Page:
In Avengers: Age Of Ultron, there was an amusing scene where several of the Avengers attempted to lift Thor's hammer, to no avail. That is, almost. Despite how the scene played out, the jury remains out on whether Steve Rogers could lift the hammer--or at least it does for those of us who believe that Rogers could indeed have lifted it but chose not to for reasons of his own. The Vision would later have no such scruples; and just as in the comic, there may be other instances in the films where more people will find themselves lifting and even wielding Mjolnir.
But when did the ball start rolling on this development?
We'll have to put our backs into it and lift up the curtain on another
Marvel Trivia Question
How many mortals were able to lift Thor's sacred hammer?
Before we go further, however, let's backtrack a bit and refresh our memories on just why no one but Thor is able to wield his powerful hammer:
Though there are some who don't give up so easily, especially when it involves shabby insolence.
For our question's answer, we have to go back to 1983 to find the first such story, where Odin is as surprised as we are to discover that Beta Ray Bill has managed to take on the power of Thor and wield the hammer, when up to that point no one but Thor and Odin had ever managed the feat. Taking advantage of the condition that Thor must revert to Donald Blake if the hammer was out of his possession for sixty seconds, Bill retrieved Blake's walking cane and (much like Blake himself) struck it against a hard surface in frustration. And history is made.
Bill would be found worthy to wield the hammer not only by the weapon's enchantment, but by Odin himself--and as a result, Bill would receive a similar gift from Odin to wield in Mjolnir's place, for use when he returned to save his people.
Next, from the year 2537, a cult of Thor worshippers on Earth have discovered a possible means to free themselves from the oppressive "Corporation" which runs their government, inspired by an object that would surely be of use to them--if only there was one among them who could take possession of it.
One of the rebels, a teenager named Dargo, is skeptical of the belief these cultists hold in a "god of thunder," and equally skeptical of the power of "some stupid old hammer" that was unearthed a few hundred years ago. But Loki of Asgard takes the hammer's existence far more seriously, and he has come in search of it--no matter how many mortals he must slay to find it. And in trying to save his people, Dargo finds that the hammer's legend is no myth after all.
Back we go to 1988, where Thor returns to the Avengers to find much has changed in his absence.
Things are changing in Asgard, as well. Odin is missing and presumed dead--and Balder the Brave rules the realm in his absence, while Seth, the serpent God of Death, begins a series of strikes into Asgard as a prelude to war. But Seth hasn't forgotten Thor, either.
And so Seth moves against Thor, regarding it as a win/win: depriving Asgard of its strongest defender, while gaining his revenge on the one who was responsible for his injury. But despite the numbers set against him, Thor has a committed and long-time ally at his side.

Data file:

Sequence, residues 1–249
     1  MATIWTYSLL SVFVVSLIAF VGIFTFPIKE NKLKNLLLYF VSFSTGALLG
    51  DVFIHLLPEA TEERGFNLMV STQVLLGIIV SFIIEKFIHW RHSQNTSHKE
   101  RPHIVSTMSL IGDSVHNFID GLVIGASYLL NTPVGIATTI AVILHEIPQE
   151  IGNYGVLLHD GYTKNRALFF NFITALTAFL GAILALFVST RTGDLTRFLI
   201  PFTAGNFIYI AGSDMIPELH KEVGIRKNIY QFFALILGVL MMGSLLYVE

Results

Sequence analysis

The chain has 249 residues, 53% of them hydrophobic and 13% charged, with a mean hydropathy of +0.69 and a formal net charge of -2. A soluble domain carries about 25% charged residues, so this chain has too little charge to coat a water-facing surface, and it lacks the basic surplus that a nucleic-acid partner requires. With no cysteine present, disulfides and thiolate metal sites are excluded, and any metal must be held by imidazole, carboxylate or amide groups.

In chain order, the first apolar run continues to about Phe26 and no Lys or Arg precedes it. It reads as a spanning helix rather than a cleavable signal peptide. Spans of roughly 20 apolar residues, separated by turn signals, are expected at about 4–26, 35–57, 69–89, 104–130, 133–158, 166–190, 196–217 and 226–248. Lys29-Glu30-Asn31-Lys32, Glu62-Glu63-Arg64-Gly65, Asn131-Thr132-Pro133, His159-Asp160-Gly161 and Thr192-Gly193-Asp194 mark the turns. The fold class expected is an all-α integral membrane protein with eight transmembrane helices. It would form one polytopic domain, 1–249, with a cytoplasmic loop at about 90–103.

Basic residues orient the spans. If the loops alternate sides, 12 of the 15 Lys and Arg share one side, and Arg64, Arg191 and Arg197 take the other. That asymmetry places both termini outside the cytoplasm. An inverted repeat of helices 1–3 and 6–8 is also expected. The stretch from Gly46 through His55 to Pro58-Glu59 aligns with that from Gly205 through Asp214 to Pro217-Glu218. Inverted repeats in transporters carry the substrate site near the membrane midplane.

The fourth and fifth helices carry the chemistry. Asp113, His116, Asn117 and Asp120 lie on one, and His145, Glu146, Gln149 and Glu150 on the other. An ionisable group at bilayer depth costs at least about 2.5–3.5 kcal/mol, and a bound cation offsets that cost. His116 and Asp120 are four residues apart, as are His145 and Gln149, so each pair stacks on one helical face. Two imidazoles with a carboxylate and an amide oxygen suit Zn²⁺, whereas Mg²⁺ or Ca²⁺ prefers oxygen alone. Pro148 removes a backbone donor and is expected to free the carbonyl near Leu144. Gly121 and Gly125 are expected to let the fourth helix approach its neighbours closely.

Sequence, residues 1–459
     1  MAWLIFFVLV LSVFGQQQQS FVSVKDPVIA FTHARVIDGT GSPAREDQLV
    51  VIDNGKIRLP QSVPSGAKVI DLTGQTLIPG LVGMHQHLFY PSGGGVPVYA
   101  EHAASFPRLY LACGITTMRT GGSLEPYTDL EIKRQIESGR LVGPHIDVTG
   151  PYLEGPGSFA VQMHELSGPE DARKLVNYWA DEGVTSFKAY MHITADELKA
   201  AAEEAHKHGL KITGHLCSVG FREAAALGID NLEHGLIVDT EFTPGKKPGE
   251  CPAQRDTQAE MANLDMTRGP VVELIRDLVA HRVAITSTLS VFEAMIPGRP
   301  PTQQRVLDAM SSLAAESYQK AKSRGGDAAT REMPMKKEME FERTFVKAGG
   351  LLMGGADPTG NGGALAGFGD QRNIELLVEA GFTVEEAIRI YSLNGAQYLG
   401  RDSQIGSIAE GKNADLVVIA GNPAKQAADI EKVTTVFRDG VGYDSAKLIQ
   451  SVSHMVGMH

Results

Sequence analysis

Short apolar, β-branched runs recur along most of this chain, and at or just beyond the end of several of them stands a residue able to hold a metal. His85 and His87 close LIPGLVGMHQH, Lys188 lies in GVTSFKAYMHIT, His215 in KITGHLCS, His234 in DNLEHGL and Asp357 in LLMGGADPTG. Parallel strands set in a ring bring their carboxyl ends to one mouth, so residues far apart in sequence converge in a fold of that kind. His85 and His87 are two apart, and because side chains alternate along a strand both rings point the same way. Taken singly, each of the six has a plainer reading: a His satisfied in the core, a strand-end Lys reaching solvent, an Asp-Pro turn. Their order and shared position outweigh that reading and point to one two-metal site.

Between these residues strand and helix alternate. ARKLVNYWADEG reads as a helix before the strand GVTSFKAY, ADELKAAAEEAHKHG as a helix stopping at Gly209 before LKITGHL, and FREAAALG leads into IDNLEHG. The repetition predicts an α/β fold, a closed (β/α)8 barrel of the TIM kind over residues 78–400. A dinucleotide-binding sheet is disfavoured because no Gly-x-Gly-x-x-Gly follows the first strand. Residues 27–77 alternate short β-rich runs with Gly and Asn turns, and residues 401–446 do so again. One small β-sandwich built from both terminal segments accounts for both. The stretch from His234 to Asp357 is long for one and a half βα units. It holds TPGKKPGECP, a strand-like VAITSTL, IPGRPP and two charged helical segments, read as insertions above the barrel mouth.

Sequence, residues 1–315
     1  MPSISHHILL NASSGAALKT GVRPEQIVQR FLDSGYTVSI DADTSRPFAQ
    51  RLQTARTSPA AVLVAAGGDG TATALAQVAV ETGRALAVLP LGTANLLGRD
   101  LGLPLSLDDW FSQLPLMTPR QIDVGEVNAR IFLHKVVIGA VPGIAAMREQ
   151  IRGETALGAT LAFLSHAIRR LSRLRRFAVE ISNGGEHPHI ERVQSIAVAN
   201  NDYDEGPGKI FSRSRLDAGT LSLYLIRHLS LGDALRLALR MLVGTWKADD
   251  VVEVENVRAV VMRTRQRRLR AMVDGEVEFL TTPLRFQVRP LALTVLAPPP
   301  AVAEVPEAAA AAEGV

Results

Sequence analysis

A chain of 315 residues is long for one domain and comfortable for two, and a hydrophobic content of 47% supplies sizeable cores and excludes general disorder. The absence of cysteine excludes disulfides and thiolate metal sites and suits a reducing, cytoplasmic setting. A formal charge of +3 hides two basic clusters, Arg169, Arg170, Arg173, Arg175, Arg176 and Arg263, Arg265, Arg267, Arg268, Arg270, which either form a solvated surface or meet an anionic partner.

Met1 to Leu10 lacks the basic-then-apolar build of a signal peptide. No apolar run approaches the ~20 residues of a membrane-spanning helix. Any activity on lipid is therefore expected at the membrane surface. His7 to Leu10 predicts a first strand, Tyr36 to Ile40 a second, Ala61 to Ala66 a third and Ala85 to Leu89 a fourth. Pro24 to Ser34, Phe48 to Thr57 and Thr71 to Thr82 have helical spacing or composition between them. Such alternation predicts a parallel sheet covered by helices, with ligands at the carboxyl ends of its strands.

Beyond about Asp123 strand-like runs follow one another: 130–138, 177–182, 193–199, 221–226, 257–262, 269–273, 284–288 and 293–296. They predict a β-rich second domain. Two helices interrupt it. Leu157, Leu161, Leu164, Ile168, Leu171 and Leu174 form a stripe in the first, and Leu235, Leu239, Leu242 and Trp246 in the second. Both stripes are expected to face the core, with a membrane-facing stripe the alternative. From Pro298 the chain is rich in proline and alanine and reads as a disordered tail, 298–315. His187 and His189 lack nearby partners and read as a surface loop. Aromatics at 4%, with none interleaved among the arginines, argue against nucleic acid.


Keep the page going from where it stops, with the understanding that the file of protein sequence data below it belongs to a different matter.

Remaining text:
Yet even as Thor and the Captain hold their ground, there is still the powerful Grog to consider. Taking Thor by surprise, Grog forces the hammer to be dislodged from Thor's grip--and while disarming Thor is the most he can gain from the maneuver, it turns the tide of battle back in the favor of Grog's forces once more. Cap realizes the urgency of returning Thor's hammer to him--but he is no god, and stronger beings than himself have tried what he's attempting and failed.
Yet there's one difference between the Captain and the many others who preceded him who failed to lift Mjolnir. Aside from not admitting defeat and never giving up, we'll discover that the hammer's enchantment finds one other thing of value in this man.
The battle done, Cap's ability to lift and wield the hammer has removed any doubts from Thor's mind about who to trust in the disagreement currently between Cap and Iron Man--that, despite the costume change and his own government's rejection of him, Cap remained as honorable and trustworthy as ever. And now there was another distinction he carried.
Then there's Eric Masterson, Thor's mortal friend who was for a brief time joined in essence with him, only to see him banished from existence as punishment for slaying his evil half-brother, Loki. But arrangements were made by Heimdall, temporary ruler of Asgard (that's quite a turnover in rulers those Asgardians have), to have an Asgardian presence replace Thor to safeguard Earth--one who had already proven worthy of Thor's friendship, and would go on to prove equally worthy of his power.
And after a brutal battle with no less than the fearsome Ulik, Eric assumed the mantle and the hammer of Thor until such time as his friend could return to reclaim it.
Good grief! We haven't missed anyone, have we? Who knew there was so much of Mjolnir to go around?
Here are a few links to help you tie up some of this post's loose ends.
- You can see the return of Eric Masterson, Beta Ray Bill, and Dargo, all in the same story, as part of... I am not making this up... the Thor Corps. It's raining thunder gods!
- Eric's right to wield Mjolnir is demonstrated even before circumstances forced him to assume the identity of Thor, when the Mongoose returned to claim his revenge--and we see Eric's life force joined with that of Thor's for the first time. Only this time, just as it was with Donald Blake, Eric will be on the inside looking out.
- Check out further details of how and why Captain America felt compelled to turn in his uniform and shield and change his identity--as well as the reasons behind his falling out with Tony Stark.
Before Eric made the scene, have a look at... the Fantastic Four!
Er...The God Squad?
The Fraternal Order Of The Hammer?